Donne’s legacy of poetry; of life lived fully and recklessly, with forgiveness and redemption; a life lived in the freedom of human passion and the obedience of devotion to the Gospel; and a life of questioning faith are all great legacies. Perhaps, though, in his own writing, his legacy of community is his greatest. Donne recognized that there is no belonging to a faith community without truly belonging. We are all connected in God one to another. As he writes, “All that she [the Church] does belongs to all.... Any man’s death diminishes me, because I am involved in mankind.”
One Lord, one faith, one baptism. We are all one in God. Amen and Amen.
Collect for John Donne
Almighty God, the root and fountain of all being: Open our eyes to see, with your servant John Donne, that whatever has any being is a mirror in which we may behold you; through Jesus Christ our Lord, who lives and reigns with you and the Holy Spirit, one God, for ever and ever. Amen.
-- Laurie Brock
Agnes was one of the early martyrs of the church whose story of faith and perseverance through persecution continues to inspire us today.
Agnes was a victim of one of the random persecutions in Rome that occurred during the first three centuries of Christianity. In the year 304, Diocletian, one of the most brutal and thorough of Roman emperors, launched a round of persecutions aimed at totally wiping out Christianity.
Agnes’ name means ‘pure’ in Greek, and ‘lamb’ in Latin, so perhaps she was destined for her fate, which she met when she was only 12-years-old.
Tradition tells us Agnes was born to Roman nobility in 291 and raised in a Christian family. Apparently a pagan prefect named Sempronius wished to have Agnes marry his son, but she refused. This decision condemned her to death.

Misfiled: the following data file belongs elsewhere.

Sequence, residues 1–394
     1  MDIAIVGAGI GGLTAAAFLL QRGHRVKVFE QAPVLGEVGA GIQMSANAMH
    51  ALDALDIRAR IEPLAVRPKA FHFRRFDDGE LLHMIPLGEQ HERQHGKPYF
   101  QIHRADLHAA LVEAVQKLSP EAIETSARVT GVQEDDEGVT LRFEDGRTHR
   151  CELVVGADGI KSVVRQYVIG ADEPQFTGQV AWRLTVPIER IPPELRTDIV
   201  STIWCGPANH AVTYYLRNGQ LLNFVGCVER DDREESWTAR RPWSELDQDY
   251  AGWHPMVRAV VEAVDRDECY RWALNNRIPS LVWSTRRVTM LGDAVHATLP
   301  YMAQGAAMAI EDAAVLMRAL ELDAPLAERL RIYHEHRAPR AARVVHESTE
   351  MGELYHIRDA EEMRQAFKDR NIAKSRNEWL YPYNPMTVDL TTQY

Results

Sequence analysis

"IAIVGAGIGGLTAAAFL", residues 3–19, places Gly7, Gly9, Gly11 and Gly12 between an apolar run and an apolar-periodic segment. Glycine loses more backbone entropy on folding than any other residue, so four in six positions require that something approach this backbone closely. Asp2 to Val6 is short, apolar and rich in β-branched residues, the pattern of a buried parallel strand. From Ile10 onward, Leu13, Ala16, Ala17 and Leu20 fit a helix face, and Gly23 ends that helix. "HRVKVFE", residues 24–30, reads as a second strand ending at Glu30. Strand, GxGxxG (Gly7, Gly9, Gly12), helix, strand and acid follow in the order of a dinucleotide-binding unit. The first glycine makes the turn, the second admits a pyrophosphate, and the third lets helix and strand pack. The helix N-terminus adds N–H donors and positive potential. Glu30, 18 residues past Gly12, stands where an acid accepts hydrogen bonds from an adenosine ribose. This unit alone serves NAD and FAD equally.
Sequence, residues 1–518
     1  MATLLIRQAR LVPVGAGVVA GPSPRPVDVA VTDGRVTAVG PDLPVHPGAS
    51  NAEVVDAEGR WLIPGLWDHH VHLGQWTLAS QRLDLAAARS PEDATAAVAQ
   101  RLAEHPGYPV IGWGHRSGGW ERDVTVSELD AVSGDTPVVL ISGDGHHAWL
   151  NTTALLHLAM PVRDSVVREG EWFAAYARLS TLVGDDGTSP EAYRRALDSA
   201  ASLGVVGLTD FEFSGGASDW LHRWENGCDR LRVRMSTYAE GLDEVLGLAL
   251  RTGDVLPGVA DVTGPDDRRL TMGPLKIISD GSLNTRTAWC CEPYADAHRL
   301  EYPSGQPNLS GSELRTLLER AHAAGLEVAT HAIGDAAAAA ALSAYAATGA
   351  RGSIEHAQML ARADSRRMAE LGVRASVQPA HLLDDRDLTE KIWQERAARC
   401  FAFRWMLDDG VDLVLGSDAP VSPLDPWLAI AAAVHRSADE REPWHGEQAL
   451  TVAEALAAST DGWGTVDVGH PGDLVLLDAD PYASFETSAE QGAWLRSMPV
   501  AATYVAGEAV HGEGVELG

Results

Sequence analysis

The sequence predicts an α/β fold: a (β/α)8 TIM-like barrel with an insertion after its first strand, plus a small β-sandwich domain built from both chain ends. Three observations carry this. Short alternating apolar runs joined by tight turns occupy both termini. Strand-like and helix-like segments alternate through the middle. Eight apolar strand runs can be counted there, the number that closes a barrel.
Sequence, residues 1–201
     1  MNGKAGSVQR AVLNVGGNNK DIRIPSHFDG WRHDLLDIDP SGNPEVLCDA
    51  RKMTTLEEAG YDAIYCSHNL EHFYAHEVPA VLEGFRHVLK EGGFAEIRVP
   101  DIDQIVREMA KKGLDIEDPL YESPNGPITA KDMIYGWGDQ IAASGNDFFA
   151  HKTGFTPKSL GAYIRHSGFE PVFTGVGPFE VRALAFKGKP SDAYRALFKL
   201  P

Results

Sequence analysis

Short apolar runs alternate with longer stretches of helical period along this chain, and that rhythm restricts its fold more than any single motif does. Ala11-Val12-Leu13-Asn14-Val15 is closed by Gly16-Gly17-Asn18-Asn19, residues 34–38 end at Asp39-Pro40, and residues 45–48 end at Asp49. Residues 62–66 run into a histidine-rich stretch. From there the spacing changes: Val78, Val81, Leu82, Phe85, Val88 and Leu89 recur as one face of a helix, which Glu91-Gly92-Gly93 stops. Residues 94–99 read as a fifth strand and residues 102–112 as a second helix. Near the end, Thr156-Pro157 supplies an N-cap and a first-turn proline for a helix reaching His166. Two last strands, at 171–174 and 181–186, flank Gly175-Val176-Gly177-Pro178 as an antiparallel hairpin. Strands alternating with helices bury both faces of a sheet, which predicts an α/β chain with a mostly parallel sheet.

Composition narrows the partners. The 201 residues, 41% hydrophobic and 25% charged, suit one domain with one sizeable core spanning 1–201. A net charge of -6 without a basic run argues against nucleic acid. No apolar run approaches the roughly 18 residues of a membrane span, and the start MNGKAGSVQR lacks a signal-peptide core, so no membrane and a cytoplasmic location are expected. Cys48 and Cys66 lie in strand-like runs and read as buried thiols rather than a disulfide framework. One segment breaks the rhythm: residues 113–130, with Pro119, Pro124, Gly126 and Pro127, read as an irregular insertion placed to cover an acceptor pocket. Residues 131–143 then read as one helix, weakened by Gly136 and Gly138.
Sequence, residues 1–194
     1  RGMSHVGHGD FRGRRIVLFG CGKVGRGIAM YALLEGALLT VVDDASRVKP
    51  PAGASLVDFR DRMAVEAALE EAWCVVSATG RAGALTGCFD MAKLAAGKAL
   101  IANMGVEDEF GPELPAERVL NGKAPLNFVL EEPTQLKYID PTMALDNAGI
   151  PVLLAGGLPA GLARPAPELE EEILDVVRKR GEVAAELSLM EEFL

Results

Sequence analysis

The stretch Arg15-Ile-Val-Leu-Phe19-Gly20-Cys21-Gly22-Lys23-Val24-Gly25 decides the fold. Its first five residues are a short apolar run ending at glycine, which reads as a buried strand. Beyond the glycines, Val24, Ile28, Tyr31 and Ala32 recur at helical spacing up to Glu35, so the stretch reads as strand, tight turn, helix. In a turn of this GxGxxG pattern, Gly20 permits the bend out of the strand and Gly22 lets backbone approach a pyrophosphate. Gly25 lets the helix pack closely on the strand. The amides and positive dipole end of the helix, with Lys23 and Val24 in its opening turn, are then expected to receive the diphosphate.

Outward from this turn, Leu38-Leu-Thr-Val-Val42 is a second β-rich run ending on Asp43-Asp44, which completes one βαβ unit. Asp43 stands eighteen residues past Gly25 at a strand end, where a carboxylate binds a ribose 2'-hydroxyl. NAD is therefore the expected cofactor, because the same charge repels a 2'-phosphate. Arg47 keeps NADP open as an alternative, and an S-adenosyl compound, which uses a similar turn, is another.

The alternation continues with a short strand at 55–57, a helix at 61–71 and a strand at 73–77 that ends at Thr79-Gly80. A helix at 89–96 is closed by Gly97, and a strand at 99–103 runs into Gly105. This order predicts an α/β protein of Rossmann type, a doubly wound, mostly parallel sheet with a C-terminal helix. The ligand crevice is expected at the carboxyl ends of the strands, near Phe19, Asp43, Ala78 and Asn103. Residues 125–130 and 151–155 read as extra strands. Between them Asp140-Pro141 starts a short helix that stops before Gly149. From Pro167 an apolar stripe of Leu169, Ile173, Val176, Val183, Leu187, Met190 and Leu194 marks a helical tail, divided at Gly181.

However, Roman law did not permit the execution of virgins. So Sempronius had Agnes dragged through the streets naked to a brothel. There are legends that say on the way to the brothel Agnes prayed, grew hair all over her body, thus clothing her. Then, at the brothel, God continued to protect her: any man who attempted to rape her was struck blind. Agnes was finally led out to a stake to be burned, but the wood would not catch fire. That’s when the officer in charged killed her with a sword.
A few days after Agnes' death, a girl named Emerentiana was found praying by her tomb. This girl claimed to be the daughter of Agnes' wet nurse, thus her foster sister. Emerentiana refused to leave the place, and reprimanded the pagans for killing Agnes. She was stoned to death and later canonized.
Today, Agnes' bones are conserved in the church of Sant'Agnese fuori le mura in Rome, which is built over the catacomb that housed Agnes' tomb. Her skull is preserved in a side chapel in the church of Sant'Agnese in Agone in Rome's Piazza Navona.
The anniversary of Agnes’ martyrdom is marked on January 21. She is regarded as the patron saint of young, unmarried girls. In fact, there is a folk belief that if a girl goes to bed without dinner on the eve of St. Agnes’ Day, she will dream that night about her husband to be.
Collect for Agnes of Rome
Almighty and everlasting God, you choose those whom the world deems powerless to put the powerful to shame: Grant us so to cherish the memory of your youthful martyr Agnes, that we may share her pure and steadfast faith in you; through Jesus Christ our Lord, who lives and reigns with you and the Holy Spirit, one God, for ever and ever. Amen.
-- Chris Yaw
John Donne vs. Agnes of Rome